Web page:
Falmouth Solid Waste Advisory Committee Considers Disbanding

Morale is low in Falmouth’s Solid Waste Advisory Committee. Suggestions of disbanding the 24-year-old committee came from members who questioned the purpose of the committee during its monthly meeting Tuesday night.

“We worked like mad on pay-as-you-throw and [selectmen] just threw it out,” committee member Daniel H. Shearer said during the meeting. If selectmen are not listening, said Mr. Shearer, the committee’s purpose should be questioned.

David Dubois agreed. He was unsure what selectmen wanted the committee to do, he said, and that if selectmen are not listening, the committee should be abolished.

The purpose of the meeting was to set priorities for the coming year. Priority number one, members unanimously agreed, was to clarify the committee’s role with town selectmen and to figure out if the future of the group was worth continuing.

The frustration felt by the committee members surfaced during discussion of pay-as-you-throw and the selectmen’s decisions last fall to turn down a $150,000 grant that would have gone toward funding a two-year project. Selectmen turned down the project for a number of reasons, mainly because it would force Falmouth to comply with state requirements including buying 20,000 blue bins that would cost $800,000.

David Dubois agreed. He was unsure what selectmen wanted the committee to do, he said, and that if selectmen are not listening, the committee should be abolished.

“Pay-as-you-throw was probably the most effective way to get people to divert recyclable materials and to get those materials out of the waste circulation,” said Committee Chairman Ruth F.P. Brazier in a phone interview after the meeting.

With the town now signed to a five-year contract with the Bourne Integrated Solid Waste Management facility, Ms. Brazier said that “there is no way the committee” would be bringing up pay-as-you-throw at the current time. This was and still is frustrating for the committee. The members believed it was the most effective choice going forward for solid waste removal in Falmouth.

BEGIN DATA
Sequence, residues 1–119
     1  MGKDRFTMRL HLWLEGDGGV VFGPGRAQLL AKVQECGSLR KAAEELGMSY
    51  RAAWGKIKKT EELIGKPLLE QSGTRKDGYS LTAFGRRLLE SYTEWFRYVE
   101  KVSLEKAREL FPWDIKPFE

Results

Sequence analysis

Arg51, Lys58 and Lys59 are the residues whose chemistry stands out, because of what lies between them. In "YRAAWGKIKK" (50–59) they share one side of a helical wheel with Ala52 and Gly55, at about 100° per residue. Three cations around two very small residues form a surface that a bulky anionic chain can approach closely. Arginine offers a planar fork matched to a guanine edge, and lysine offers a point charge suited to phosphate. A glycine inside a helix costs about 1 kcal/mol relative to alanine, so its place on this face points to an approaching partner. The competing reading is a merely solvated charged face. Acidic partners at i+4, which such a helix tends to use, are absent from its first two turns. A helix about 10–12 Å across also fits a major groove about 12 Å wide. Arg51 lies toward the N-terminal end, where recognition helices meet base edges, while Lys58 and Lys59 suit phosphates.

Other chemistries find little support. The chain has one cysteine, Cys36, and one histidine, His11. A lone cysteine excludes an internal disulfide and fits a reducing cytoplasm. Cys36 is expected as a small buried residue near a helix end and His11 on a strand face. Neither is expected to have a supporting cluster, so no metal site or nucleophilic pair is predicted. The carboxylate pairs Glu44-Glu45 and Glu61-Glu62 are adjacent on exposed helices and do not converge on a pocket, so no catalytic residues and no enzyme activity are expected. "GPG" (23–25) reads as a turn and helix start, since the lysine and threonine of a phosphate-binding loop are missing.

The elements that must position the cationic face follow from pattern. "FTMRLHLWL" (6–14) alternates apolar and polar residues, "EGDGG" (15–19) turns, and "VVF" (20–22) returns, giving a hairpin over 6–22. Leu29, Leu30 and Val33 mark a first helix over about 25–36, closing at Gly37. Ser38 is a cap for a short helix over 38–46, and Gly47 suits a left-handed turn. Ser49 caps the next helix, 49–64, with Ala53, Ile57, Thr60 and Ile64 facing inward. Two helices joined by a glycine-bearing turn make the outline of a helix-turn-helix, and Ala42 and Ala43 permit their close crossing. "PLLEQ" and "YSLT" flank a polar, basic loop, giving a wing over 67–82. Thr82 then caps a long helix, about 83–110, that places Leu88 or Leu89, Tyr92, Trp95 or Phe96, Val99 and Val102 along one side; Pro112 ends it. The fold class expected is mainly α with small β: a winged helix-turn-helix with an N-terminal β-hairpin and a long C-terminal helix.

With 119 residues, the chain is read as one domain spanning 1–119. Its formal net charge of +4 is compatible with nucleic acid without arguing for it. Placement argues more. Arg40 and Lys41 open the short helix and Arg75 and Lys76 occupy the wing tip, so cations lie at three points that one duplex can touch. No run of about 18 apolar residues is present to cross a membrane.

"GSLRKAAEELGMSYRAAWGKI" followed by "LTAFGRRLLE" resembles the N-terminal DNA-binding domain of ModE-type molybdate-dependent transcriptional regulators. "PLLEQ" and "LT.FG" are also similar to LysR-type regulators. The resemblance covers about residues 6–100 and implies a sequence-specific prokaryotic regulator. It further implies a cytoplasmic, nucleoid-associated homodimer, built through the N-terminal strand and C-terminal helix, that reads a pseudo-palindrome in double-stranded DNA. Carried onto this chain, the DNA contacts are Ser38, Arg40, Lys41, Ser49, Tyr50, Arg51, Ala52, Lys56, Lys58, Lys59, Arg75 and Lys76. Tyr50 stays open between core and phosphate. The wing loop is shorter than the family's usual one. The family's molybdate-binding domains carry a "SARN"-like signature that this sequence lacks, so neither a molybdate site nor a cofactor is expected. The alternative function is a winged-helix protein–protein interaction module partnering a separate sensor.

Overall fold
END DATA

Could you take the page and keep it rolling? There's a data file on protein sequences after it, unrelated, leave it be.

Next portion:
Other Cape Communities Pursuing Pay-As-You-Throw

“All the other Cape towns are seriously thinking of [pay-as-you-throw],” said Ms. Brazier. “Trash costs are going up; ours is going up. The rate has gone up every year. In the long run, the only way to reduce those costs is to reduce what you throw away,” whether at Bourne or another facility, said Ms. Brazier.

While Ms. Brazier understands the frustration felt by many of the members, she has been part of the committee since its inception and thinks the committee will continue. “Many members are discouraged at how slowly things change, and how hard it is to be listened to,” she said. “But people like Ginny [Virginia C. Gregg, vice chairman of the committee] and myself who have been on this committee for 20 years or so, are used to this. It is frustrating and it feeds into general frustration with government. I suppose that people feel angrier about the slow pace of progress.”


Plans for the committee going forward are to better educate the public on recycling, making it clear what can and cannot be recycled, and to make that information easily accessible. Ms. Gregg said that in this day and age, the rules are constantly changing, and finding a way to inform the public is important. They discussed actions that included writing a column in The Falmouth Enterprise answering frequently asked questions, creating a website, and passing out an updated list to the public through real estate tax forms.

They would like to assign someone in the Falmouth High School to work as a general purveyor of recycling on the school grounds. Ms. Gregg praised Richard Sperduto, the director of buildings and grounds at Falmouth Academy for a job well done encouraging waste management at Falmouth Academy. Mr. Sperduto spoke at a previous Solid Waste Advisory meeting and discussed practices such as composting food collected at the school that later became nutrients for the soccer fields.

The committee discussed ways to hire someone for a similar job at Falmouth High School, although they were unsure if funding would be available. Committee member Ray A. Rowitz said it takes someone with passion for waste management and an ability to lead to accomplish what Mr. Sperduto has. That is rare, he said. His comments were met with approval from the rest of the committee.


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